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6 Good Movies (and 1 TV Show) Expiring From Netflix July 1

There’s more to watch than ever before and more streaming services on which to watch it. Here at Watching, a film and TV recommendation website from The New York Times, we direct you toward what’s new and what’s good.

Every month, as various licenses expire, streaming services lose movies and series from their catalogs. Here are seven movies (and one TV series) leaving Netflix at the end of this month.

Jill Clayburgh in “An Unmarried Woman.”20th Century Fox

‘An Unmarried Woman’

Erica Benton (Jill Clayburgh) enjoys a life of leisure and luxury as the wife of a wealthy Manhattan stockbroker, but she finds herself lost in the world when he abandons her for a younger woman. This drama follows the Erica as she rebuilds herself from the ground up, finding new satisfaction in friends, dating and self-sufficiency. The film’s feminist politics earned it praise at the time of its release, and although the idea of a divorced woman’s getting back on her feet may not be so novel now, Benton’s emotional arc still has universal appeal. Clayburgh’s Academy Award-nominated performance cycles through frustration, confusion and helplessness before arriving at a hard-earned sense of satisfaction — a feel-good personal journey to selfhood.

Gene Wilder, left, and Cleavon Little in “Blazing Saddles.”Warner Bros. Pictures

‘Blazing Saddles’

Mel Brooks made mincemeat of the Western with this anarchic satire, interrogating the genre’s problematic racial history in his own gleefully ribald way. Cleavon Little leads in his role as the newly appointed sheriff of a predominantly white town — which is none too pleased to be taking orders from a black man — and Gene Wilder is a treat as his boozy gunslinger sidekick. The rapid-fire punch lines run from sophomoric to sophisticated, culminating in an inspired burst of surrealism that blows right through the fourth wall.

Marilyn Monroe in “Gentlemen Prefer Blondes.”20th Century Fox

‘Gentlemen Prefer Blondes’

The image of Marilyn Monroe as a dumb-blonde sex symbol crystallized with this raucous, randy comedy about a pair of man-eaters on the hunt for a suitable husband. Monroe plays the unrepentant gold-digger Lorelei, and Jane Russell shares top billing as her best pal, Dorothy, each as glamorous and well-dressed as the other. With razor-sharp wit and exemplary double entendre, the two showgirls fend off the advances of assorted creeps while thirsting after a pair of well-heeled bachelors. The “Diamonds Are a Girl’s Best Friend” sequence is part of showbiz legend.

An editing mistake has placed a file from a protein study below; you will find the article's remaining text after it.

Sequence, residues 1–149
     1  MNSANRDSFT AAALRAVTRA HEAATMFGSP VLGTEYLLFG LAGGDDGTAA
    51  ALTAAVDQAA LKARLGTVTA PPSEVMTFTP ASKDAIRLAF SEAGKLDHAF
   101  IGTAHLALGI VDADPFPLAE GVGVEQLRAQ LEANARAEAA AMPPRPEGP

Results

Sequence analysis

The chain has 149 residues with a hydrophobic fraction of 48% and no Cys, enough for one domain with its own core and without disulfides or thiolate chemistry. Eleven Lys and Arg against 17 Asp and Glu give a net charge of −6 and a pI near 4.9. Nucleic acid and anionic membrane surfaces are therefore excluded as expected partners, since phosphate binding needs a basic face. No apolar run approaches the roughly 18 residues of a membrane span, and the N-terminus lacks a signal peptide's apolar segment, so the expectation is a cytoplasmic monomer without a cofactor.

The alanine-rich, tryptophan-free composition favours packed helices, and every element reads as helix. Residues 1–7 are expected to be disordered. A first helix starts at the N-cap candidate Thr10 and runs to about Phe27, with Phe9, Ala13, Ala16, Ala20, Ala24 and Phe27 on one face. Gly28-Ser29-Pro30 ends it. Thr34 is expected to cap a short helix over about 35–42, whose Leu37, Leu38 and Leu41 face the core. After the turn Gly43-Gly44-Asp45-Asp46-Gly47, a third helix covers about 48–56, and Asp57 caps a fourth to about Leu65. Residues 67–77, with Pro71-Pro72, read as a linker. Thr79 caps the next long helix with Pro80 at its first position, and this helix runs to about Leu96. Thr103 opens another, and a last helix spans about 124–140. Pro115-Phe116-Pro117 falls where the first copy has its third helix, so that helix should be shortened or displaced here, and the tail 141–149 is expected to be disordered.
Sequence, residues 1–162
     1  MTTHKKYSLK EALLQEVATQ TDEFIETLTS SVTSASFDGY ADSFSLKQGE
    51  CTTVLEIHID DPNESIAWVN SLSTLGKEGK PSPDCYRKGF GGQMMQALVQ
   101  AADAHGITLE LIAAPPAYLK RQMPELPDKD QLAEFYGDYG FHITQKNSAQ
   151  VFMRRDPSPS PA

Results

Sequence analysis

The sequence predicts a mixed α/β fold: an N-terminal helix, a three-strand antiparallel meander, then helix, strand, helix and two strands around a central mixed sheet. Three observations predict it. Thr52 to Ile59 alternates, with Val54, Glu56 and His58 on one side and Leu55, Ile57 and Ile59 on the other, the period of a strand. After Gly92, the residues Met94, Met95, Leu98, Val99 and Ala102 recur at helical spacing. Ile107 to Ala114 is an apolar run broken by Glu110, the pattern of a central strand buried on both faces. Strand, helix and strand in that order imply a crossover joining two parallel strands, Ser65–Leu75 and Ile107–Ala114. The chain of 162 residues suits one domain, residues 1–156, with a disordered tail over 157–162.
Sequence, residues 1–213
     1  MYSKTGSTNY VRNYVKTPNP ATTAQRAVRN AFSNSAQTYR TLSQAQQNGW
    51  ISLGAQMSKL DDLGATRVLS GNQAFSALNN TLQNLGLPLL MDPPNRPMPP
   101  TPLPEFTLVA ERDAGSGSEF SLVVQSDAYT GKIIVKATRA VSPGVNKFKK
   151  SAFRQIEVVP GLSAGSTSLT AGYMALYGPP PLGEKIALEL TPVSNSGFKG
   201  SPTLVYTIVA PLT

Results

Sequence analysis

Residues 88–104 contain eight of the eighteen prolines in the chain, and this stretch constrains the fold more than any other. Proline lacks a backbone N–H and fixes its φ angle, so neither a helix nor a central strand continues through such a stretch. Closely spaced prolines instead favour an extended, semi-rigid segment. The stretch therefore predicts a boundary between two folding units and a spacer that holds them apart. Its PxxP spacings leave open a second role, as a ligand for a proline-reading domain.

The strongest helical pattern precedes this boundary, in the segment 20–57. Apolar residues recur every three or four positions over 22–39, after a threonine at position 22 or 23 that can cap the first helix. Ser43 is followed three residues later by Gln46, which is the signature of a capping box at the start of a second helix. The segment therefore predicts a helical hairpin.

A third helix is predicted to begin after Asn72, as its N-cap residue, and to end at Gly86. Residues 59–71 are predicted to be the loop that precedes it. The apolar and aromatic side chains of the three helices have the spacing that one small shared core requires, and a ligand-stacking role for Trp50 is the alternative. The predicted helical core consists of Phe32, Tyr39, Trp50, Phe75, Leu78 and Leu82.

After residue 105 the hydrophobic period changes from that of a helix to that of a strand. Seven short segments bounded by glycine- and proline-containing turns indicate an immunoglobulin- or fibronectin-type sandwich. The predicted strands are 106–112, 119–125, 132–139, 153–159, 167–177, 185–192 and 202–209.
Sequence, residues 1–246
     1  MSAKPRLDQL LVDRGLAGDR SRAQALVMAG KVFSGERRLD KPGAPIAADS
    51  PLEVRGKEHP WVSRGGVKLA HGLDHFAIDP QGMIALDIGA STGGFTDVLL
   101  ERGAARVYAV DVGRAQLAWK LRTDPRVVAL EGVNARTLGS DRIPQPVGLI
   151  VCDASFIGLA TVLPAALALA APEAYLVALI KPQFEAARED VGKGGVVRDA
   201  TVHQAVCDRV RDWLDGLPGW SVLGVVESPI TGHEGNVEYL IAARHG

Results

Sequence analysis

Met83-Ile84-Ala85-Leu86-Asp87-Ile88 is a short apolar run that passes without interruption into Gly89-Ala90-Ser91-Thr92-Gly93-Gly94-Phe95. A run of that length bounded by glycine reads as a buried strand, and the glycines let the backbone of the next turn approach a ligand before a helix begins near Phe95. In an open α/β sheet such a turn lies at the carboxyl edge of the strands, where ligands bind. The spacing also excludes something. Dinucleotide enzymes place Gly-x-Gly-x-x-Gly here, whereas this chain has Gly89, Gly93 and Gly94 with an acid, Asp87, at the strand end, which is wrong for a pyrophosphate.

Asa Butterfield in “Hugo.”Jaap Buitendijk/Paramount Pictures


Making a movie appropriate for kids didn’t stop Martin Scorsese from constructing another valentine to the his lifelong love, the cinema. His fable about an orphan (Asa Butterfield) living in a French train station also provides a history of early silent film, with young Hugo’s befriending a fictionalized version of the movie pioneer Georges Méliès. Scorsese puts the full sum of his talents to use on unalloyed fun before locating a little core of melancholy and following through with the kindest, warmest conclusion he’s ever allowed.

Sandra Bullock in “While You Were Sleeping.”Hollywood Pictures

‘While You Were Sleeping’

A seemingly harebrained premise begot this high point of the ’90s rom-com boom: Sandra Bullock plays a Chicago train token collector who saves the life of her commuter crush, but he slips into a coma. A misunderstanding leaves the man’s family with the impression that she’s his fiancée, and to complicate matters further, she begins developing genuine feelings for her vegetative faux-beau’s brother (Bill Pullman). It might be a tad implausible, but it yields some bubbly, infectiously charming courtship between the rich-in-chemistry leads.

Melanie Griffith in “Working Girl.”20th Century Fox

‘Working Girl’

Melanie Griffith takes on corporate America in this glass-ceiling-smashing comedy. She plays Tess, a lowly secretary at a high-power Wall Street investment firm, who has dreams of a corporate card and corner office. With a bit of resourcefulness, a can-do attitude and some help from her partner in crime, Cynthia (Joan Cusack), she maneuvers her way to the top of the heap and catches the eye of a rakishly handsome executive (Harrison Ford). The proud feminist overtones and a host of delectable supporting performances — Sigourney Weaver plays Tess’s ruthless boss, and Alec Baldwin is perfectly oily as her philandering boyfriend — make this an endlessly pleasurable rewatch.

From left, Fry, Bender and Leela in “Futurama.”Fox

‘Futurama’ Seasons 1-6

“The Simpsons” was a tough act to follow, but creator Matt Groening delivered a worthy successor with this sci-fi comedy set 1,000 years in the future. After a millennium spent in cryogenic deep-freeze, Fry, a pizza delivery boy, stumbles into a hyper-advanced metropolis and falls in with a purple-haired Cyclops, a hedonistic robot and a cephalopod scientist. Groening makes use of the signature moves he picked up in Springfield — absurd one-liners, ingenious sight gags, elaborate pop-culture parody — and demonstrates the same flexibility of tone in “Futurama,” integrating bone-deep pathos with the laughs. (The episode “Jurassic Bark,” about Fry’s dog, is not for the faint of heart.)


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